Sunday, April 20, 2008

A new (to CS) model for publishing

One of the things I like about the database community is their willingess to play with new ideas in the space of conference publishing. SIGMOD and VLDB have been experimenting with the idea of semi-persistent reviews, where reviews from SIGMOD get passed on to VLDB for papers deemed on the border; SIGMOD went to double-blind mode, over some opposition, and there's been some interesting back-and-forth since on the effectiveness of this (read this, and then this). There's also a weak rebuttal mechanism (where authors can in a limited way respond to reviewer comments in the submission process).

An even more radical idea, which from the sound of it is nearing approval, is described in detail by Panos Ipeirotis. The main points are these:
  • A new journal called the Journal for Database Management Research will be created.
  • It will have a fast review process and turnaround time (akin to the biological journals - 3 months or so)
  • Submission deadlines will be rolling: i.e you submit a paper when it's ready.
  • SIGMOD, VLDB and other database conferences will convert to a by-invitation model, where the conferences choose a sample of the published works in the journal (over the last 12 months I imagine) to be "presented" at the conference.
  • To discourage frivolous submissions, papers rejected from the journal will have to undergo a year-long cooling off before they can be resubmitted.
It's a radical approach, and approximates to a degree the prevailing practice in journal-based publication environments. It does raise some questions (some raised by Panos in the original post):
  • The year-long cooling off seems excessive punishment for what will still by necessity be a less than perfect review process
  • How will this new journal interact with other database journals ?
  • Can one journal hope to keep up with the volume of papers being produced ? Just SIGMOD, VLDB and ICDE take in over 2000 submissions between the three of them. That's close to 6 submissions EACH DAY.
  • What happens when you get into areas that overlap with DB ? For example, what about KDD, and other data mining conferences ?
  • What about all the years and years spent arguing with tenure committees about the primacy of conferences in computer science ? "Oops ! we changed our mind" ?
  • What kind of prestige will now be attached to giving presentations at the "new" conferences ? More importantly, since it was JUST ESTABLISHED that double blind submission helps remove bias at conferences like SIGMOD, isn't this a step backward in terms of which papers are chosen for presentations at conferences ? I can't imagine the process of getting invited for a talk at such a conference getting easier with this process. Are we heading towards (again) the bio model of big plenary talks by bigwigs, and lots of posters, or the math model where anyone who wants to give a talk can ?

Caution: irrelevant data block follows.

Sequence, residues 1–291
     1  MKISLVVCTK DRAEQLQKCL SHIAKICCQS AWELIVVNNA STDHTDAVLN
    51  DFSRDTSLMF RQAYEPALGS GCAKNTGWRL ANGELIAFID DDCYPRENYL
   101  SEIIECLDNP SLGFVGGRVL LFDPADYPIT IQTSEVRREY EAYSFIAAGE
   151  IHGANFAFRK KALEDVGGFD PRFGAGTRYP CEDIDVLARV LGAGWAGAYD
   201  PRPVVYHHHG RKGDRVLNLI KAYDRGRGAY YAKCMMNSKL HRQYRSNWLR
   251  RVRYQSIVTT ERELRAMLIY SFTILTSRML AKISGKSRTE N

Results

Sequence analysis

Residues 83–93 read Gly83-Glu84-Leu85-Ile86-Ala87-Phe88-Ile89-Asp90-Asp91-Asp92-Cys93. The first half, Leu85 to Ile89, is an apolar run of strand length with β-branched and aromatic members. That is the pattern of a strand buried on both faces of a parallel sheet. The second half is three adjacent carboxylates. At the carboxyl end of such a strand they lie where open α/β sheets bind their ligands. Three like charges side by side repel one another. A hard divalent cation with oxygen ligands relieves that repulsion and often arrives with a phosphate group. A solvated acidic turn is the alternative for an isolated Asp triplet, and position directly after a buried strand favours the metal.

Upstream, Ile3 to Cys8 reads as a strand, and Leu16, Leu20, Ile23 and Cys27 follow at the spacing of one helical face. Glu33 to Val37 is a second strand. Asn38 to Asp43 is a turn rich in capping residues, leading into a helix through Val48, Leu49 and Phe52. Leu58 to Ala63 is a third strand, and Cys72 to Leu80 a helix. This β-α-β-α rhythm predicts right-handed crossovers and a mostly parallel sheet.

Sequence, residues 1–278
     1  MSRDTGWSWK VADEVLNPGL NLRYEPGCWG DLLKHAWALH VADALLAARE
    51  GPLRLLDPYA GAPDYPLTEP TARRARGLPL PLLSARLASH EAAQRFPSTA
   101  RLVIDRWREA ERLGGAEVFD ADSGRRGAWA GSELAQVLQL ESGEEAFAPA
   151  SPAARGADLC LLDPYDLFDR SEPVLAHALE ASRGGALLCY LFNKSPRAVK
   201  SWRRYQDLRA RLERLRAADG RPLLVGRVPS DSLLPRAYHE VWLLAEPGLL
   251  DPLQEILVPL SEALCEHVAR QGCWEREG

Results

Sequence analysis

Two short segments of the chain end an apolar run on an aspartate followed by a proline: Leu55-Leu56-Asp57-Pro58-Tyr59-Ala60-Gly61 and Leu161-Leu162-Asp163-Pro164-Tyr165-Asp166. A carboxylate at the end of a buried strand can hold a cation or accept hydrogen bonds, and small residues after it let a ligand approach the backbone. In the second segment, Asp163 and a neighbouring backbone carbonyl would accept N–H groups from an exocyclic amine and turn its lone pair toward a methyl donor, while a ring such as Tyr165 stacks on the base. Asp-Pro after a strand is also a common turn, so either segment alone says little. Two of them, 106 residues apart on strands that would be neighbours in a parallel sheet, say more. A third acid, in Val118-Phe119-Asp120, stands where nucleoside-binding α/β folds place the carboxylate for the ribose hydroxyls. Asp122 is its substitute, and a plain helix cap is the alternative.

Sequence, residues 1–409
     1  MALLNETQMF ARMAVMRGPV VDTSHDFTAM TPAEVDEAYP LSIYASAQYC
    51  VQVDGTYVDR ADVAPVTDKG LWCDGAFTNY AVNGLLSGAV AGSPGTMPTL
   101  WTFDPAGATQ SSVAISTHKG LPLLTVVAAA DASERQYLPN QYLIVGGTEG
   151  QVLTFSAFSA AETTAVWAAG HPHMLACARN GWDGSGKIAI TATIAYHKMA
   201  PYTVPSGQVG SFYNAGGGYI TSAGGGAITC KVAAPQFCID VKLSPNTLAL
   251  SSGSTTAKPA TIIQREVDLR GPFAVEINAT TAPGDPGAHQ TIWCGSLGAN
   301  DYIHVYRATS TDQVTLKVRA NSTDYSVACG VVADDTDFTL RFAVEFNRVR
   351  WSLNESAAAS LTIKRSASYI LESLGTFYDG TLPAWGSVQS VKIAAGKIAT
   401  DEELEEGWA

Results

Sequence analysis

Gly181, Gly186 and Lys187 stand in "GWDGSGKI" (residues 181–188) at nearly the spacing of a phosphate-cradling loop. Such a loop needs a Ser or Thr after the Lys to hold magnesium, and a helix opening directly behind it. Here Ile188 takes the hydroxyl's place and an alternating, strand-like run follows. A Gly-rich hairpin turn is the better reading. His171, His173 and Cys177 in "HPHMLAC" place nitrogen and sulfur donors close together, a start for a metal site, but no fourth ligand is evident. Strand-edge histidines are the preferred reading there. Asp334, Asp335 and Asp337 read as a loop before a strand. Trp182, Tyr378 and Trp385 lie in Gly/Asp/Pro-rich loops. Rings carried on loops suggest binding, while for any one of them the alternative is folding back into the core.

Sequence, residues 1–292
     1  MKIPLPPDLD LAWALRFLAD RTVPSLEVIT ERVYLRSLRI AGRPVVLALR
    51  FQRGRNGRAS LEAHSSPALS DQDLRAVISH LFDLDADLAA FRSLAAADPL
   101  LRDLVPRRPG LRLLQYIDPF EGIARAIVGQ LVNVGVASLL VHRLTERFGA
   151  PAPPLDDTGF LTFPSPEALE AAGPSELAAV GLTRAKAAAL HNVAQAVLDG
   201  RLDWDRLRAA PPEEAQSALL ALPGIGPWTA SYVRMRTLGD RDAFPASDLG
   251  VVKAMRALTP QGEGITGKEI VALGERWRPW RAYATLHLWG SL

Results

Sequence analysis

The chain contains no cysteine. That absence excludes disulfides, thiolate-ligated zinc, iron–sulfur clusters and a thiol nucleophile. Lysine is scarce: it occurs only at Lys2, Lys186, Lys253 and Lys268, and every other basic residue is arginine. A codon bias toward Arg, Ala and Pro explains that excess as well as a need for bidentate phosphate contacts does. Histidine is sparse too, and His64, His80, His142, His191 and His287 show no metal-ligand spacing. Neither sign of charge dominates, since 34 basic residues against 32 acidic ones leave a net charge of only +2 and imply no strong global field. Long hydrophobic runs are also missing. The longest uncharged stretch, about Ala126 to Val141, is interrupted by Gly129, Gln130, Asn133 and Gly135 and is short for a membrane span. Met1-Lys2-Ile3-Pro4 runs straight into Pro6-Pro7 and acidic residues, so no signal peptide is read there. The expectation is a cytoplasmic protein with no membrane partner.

Separating the idea of publication and dissemination is dear to my heart (I have always felt that conferences in CS fail by needing to serve both these masters at the same time), and so I'm bullish on proposals like this. But I do see problems in the details, and am curious to see how things pan out over time.


  1. One of the things I like about the database community is their willingess to play with new ideas in the space of conference publishing.

    Somebody made the following comment that I am happy to pass on: "The field itself is so devoid of ideas, that they might as well experiment with ideas about meta-management." :)

  2. Hi Suresh,

    I guess one side effect of a one year layoff will be that people will simply cut one idea into smaller units and ensure that even if one of the paper is kicked out, there will be another paper with a different reviewers somewhere. I predict that there will be even more submissions then :).

    Another thing I am concern about the new system though is that there will be a more centralized control by a group of editor/associate editors plus a few conference PC chairs and members who will determine what paper is invited for a conference.

    There are no perfect solution though. You give people more freedom and democracy, they will find way to mess around with the system. On the other hand, a more centralized system was shown to be not so successful in history as well :).



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